Deadlines? What About Startlines?
BY JOE KRISTAN, CPA, Partner, Eide Bailly
We think in deadlines from the time we get our first homework assignment. The first question is always “when is this due?” I don’t remember anyone asking for the soonest date we could turn in a paper. Anyone who did would surely have been an outcast among my classmates.
Still, sometimes early is better. When the tax law lets you defer tax on investment income, you want to get started right away, rather than wait for the last possible day. That’s even more true if you can avoid tax on that income forever.
Here are some savings tools where tax rules make it worthwhile to get in over the 2020 startline instead of under the deadline.
Individual retirement accounts (IRAs). These are among the oldest tax-advantaged retirement savings tools for individual taxpayers. Taxpayers can contribute the lesser of their “earned income” or $6,000 for 2020 to these accounts. Taxpayers who reach age 50 before the end of 2020 can throw in an extra $1,000.
These come in two basic flavors: “Traditional” and “Roth.”
Traditional IRAs accumulate earnings without current tax, but the earnings are taxable when withdrawn. If neither you nor your spouse are covered by a retirement plan at work, you can deduct your contribution without itemizing. For 2020 taxpayers covered by a qualified plan at work, the deduction phases out starting at $65,000 Adjusted Gross Income (“AGI”) for single filers and $104,000 for joint filers. If you don’t qualify for the deduction, you still get a tax deferral for your earnings until you withdraw them.
Roth IRAs don’t generate a current tax deduction, but their earnings are never taxed if certain relatively easy requirements are met—primarily that you leave the money alone for five years. The only catch is that contributions to Roth IRAs are limited for higher-income taxpayers. For joint filers, the deduction begins to phase out at $196,000 of adjusted gross income, and for single filers starting at $124,000. And even over these limits, you may qualify for a “backdoor” Roth IRA contribution.
For both flavors of IRAs, the contribution deadline for 2020 is April 15, 2021, but we’re more worried about the startline. The startline—the first day you can make a 2020 IRA contribution—is January 1, 2020. IRA contributions made at the startline build up tax-free for 15 ½ months longer than those made at the deadline.
If you somehow missed the 2019 startline, 2019 IRA contributions must be made by April 15, 2020.
Education Savings Sec. 529 plans have similar incentives to Roth IRAs: no deduction, but no tax on investment income if the funds are used for qualifying education costs. These plans are designed to help build tuition nest eggs. Iowa’s version of the plan, College Savings Iowa, offers an additional benefit: a deduction on your Iowa tax return.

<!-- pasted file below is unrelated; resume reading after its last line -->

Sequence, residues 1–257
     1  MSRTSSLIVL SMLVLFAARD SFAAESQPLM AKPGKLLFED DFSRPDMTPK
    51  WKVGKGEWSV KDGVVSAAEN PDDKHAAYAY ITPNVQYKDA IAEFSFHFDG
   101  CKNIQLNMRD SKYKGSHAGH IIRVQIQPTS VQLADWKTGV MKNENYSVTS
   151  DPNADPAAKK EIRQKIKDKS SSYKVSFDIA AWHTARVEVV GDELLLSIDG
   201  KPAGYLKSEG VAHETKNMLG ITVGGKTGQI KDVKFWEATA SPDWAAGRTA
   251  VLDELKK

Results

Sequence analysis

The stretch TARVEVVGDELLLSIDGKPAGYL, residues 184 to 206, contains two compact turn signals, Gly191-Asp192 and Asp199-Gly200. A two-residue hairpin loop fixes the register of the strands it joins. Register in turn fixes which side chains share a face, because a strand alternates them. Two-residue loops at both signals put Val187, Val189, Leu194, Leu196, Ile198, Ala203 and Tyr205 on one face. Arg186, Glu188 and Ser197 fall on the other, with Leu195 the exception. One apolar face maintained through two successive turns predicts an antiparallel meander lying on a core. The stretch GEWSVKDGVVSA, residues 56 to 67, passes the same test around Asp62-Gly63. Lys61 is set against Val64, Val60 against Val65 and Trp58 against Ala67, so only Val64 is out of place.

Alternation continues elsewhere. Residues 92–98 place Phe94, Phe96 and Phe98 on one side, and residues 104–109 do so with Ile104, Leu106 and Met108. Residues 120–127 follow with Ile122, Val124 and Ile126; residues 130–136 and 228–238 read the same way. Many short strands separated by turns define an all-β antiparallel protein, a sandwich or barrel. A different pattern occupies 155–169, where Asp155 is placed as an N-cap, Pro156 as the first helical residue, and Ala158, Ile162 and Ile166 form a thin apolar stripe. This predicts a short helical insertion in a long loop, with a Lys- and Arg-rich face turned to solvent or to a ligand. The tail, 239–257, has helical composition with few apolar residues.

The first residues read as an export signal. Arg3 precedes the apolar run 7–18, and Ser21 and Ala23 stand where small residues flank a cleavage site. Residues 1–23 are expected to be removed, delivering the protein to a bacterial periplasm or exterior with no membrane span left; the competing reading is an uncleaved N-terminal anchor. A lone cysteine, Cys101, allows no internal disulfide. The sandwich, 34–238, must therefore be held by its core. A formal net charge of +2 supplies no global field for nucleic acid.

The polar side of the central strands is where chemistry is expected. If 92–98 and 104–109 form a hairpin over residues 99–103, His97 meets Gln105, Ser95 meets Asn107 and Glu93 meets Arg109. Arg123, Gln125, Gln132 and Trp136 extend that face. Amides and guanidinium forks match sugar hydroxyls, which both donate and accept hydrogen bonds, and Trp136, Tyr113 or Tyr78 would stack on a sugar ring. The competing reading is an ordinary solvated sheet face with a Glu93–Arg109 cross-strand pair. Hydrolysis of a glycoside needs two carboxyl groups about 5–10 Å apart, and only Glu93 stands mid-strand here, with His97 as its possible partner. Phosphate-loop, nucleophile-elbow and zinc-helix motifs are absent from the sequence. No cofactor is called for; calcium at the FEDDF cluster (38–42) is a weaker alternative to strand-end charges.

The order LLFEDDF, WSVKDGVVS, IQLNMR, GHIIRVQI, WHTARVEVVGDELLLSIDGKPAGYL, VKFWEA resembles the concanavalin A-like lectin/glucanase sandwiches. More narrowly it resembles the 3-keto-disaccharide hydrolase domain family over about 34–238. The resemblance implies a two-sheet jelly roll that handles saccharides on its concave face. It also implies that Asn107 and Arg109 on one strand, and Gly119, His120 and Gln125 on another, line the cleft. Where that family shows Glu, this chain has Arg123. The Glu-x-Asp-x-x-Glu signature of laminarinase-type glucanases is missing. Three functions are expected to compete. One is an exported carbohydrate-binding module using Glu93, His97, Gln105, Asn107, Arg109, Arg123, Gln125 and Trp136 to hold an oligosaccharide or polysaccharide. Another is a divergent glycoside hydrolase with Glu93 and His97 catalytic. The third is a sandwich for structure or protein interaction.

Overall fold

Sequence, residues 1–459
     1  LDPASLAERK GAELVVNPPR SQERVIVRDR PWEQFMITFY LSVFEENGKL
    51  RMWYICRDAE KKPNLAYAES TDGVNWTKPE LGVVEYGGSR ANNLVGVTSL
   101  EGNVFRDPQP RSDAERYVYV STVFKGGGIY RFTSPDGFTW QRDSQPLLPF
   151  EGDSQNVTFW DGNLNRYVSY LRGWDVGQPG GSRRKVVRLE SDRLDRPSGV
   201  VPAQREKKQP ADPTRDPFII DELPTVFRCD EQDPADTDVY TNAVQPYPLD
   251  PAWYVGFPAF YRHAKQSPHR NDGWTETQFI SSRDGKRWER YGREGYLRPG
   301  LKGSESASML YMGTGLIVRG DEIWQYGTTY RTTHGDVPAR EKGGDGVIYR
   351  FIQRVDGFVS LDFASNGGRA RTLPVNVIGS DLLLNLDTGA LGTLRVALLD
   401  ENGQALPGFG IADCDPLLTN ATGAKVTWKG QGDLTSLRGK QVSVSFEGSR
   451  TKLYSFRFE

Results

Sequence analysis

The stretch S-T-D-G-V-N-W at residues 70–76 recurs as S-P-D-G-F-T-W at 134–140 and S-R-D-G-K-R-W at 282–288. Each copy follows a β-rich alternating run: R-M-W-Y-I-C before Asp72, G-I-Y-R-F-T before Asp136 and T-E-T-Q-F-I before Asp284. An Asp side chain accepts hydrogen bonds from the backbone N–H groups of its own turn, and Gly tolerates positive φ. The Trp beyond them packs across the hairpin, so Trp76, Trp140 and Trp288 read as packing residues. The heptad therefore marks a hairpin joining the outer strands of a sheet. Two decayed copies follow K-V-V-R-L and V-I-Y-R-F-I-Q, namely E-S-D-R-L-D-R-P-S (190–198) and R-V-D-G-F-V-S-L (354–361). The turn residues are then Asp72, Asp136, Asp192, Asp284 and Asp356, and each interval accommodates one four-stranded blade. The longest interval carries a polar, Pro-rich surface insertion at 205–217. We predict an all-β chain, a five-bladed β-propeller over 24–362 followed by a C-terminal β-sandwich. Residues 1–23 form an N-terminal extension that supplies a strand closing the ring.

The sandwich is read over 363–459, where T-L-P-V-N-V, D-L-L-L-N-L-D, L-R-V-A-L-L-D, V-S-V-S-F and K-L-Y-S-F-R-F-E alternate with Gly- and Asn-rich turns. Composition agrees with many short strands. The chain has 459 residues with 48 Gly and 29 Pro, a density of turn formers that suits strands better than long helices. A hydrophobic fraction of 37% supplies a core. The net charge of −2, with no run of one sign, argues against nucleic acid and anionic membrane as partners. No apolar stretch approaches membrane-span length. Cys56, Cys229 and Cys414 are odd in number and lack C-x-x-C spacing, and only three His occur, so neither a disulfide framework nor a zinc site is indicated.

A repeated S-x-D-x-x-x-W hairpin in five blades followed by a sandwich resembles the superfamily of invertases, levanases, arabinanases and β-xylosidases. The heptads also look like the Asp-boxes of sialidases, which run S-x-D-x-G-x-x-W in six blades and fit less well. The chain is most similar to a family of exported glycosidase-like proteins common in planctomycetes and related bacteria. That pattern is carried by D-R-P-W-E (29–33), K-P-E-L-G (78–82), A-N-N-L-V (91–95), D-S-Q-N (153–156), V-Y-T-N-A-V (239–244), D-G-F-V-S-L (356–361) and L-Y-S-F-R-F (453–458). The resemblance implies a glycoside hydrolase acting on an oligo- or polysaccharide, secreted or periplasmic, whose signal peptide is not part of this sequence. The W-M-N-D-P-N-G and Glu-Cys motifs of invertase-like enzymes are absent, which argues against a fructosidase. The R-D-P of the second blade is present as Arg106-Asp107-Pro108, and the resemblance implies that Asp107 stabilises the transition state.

The maximum Iowa-only deductions for 2020 College Savings Iowa contributions haven’t been announced yet, but it will not be less than the 2019 deduction of $3,387 per donor, per-donee. Assuming a round $3,400 limit for 2020, a married couple with two children can deduct $13,600 in CSI contributions on their 2020 returns for their kids’ Section 529 college funds. There is no penalty for over-contributing, as long as you stay within the federal government’s lifetime funding limits; you just don’t deduct the excess. If you exceed $15,000 per donor, per donee, there may be gift-tax return requirements. There are no income limits for Sec. 529 contributions. The startline for 2020 contributions to College Savings Iowa is January 1, 2020. If you haven’t made your 2019 contribution yet, the deadline for that is April 30, 2020.
Health Savings Accounts provide a current deduction and the possibility of tax-free withdrawals for qualifying out-of-pocket medical expenses. Full deduction and tax-free withdrawals are a combination rarely found in the tax law. So of course, there are catches.
You can only make contributions to Health Savings Accounts if you have a qualifying high-deductible health insurance plan, and only to the extent it isn’t funded by your employer. Anyone enrolled in Medicare, or any other health plan, is ineligible, as is anyone claimed as a dependent on another taxpayer’s return or over the age of 65.
For taxpayer-only coverage, the 2020 contribution limit is $3,550, requiring an annual policy deductible of at least $1,400. For family coverage, the limit is $7,100, requiring a deductible of at least $2,800. There are no income limits for HSA contributions or deductions. Taxpayers who reach age 55 by the end of 2020 can contribute an additional $1,000.
Earnings on investments in an HSA accumulate tax-free, like an IRA. All HSA withdrawals for qualifying medical costs are tax-free. For taxpayers who reach Medicare eligibility, withdrawals for non-medical expenses are taxed like Traditional IRA withdrawals.
The startline for 2020 HSA contributions is January 1, 2020. If you only have qualifying coverage for part of 2020, your deduction will be prorated for the number of months you have that coverage. Since a penalty applies to excess contributions, you want to be confident that you will have qualifying coverage all year if you fund the whole year on January 1.
If you haven’t made your 2019 HSA contributions yet, your deadline is April 15, 2020.
All of these tax savings plans are subject to many technical rules, so consult your tax advisor before committing your money. But if you do qualify, sooner is better—maybe 15 ½ months better.
| Joe Kristan